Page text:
We do not endorse candidates at the Southington Observer. We try to resist backing political parties or siding with Democrats or Republicans in debates. We try not to let our opinions cloud our investigations, and we check ourselves constantly to be sure that we are not acting as advocates or lobbyists for one side or the other. As long as politicians and public officials stay in their lane and act within the limited scope of authority granted to them in the town charter, we try to stay out of their way. Our job is to make sure everyone’s voice is heard, so that democracy can thrive.
On the other hand, we have no problem endorsing the Southington Public Library and their efforts to update their broken down facility. It’s a no-brainer. Of course, most journalists are biased when it comes to libraries, so we’re not sure how surprising our endorsement actually is. At the Observer, we’ve consistently spoken out on behalf of the library because we certainly understand their challenges…and their importance to the community.
Throughout history, libraries and newspapers have a sort of unique partnership that you don’t often find between a government entity and the press. That’s because we are linked in a common goal: the protection and promotion of the first amendment. It’s built right into the American Library Association’s Bill of Rights. Libraries are committed to being non-partisan and challenging censorship. “Libraries should cooperate with all persons and groups concerned with resisting abridgment of free expression and free access to ideas,” they say. Newspapers should have the same lofty goal.
That’s why the Observer often find itself as a partner with this branch of government, and it’s also why we have no problems endorsing the library and their expansion efforts. Southington politicians have never really embraced the library—no matter what they say during election years and no matter what they will say as this project develops. The town has always treated the library as an afterthought.
We appreciated last week’s public presentation from architects and library staff, and we are excited that town officials seem to be finally open to this capital improvement.
Even if a referendum passes in 2020, it’s about two decades too late. When the library opened on June 21, 1975, officials predicted that it was big enough to last until the year 2000 (based on growth models before the population explosion in the 1970s and 1980s). The current building has been too small for generations.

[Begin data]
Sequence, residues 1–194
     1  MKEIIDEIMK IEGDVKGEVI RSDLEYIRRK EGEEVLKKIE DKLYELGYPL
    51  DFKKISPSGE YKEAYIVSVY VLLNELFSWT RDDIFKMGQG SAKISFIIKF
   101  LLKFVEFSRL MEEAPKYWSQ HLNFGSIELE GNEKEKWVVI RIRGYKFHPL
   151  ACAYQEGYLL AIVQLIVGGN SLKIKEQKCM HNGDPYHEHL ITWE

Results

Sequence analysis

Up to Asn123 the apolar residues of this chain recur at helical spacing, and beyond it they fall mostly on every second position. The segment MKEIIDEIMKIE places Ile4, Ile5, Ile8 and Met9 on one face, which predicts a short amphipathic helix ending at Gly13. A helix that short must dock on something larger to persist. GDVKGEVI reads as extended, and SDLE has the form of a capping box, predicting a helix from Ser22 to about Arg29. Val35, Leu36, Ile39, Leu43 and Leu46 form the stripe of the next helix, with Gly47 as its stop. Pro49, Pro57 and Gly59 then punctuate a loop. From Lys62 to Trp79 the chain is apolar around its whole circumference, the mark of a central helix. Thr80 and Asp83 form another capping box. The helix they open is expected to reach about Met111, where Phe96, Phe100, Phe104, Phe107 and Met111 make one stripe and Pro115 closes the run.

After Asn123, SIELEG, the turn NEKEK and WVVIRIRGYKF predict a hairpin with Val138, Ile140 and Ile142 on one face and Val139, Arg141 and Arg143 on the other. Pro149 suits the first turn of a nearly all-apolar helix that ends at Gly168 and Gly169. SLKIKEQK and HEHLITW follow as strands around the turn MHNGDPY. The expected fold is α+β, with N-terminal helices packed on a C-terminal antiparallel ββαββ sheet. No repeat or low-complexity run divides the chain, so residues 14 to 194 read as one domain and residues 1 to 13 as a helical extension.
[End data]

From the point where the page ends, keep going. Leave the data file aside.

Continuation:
On the other hand, the delay might be the silver lining. Although we still think that this problem should have been solved a long time ago, the timing is perfect to take advantage of the “new library” needs in the 21st century. Whether town officials choose to add on to the existing library building or start fresh with a new one, neither model has much room for shelves of books, CDs, magazines, etc. They are not as integral as they were in the past as technology has transformed libraries from storage facilities into community centers, meeting rooms, information centers, and gathering places.
We hope that the public stays involved as this project comes to fruition. Speak out at public meetings and take time to learn about the project as it unfolds. Don’t leave it to the politicians. The library has created an informational page (www.southingtonlibrary.org/previewplans) and we’ll do our best to cover the issues as the conversation advances. Which option is better? That’s best left to the experts, town officials, and voters, but we are happy that the town has finally turned its attention to this project. We support it wholeheartedly.
To comment on this editorial or to contact Southington Observer editor John Goralski, email him at Editor@SouthingtonObserver.com.
For more information about the project: Library Expansion study meeting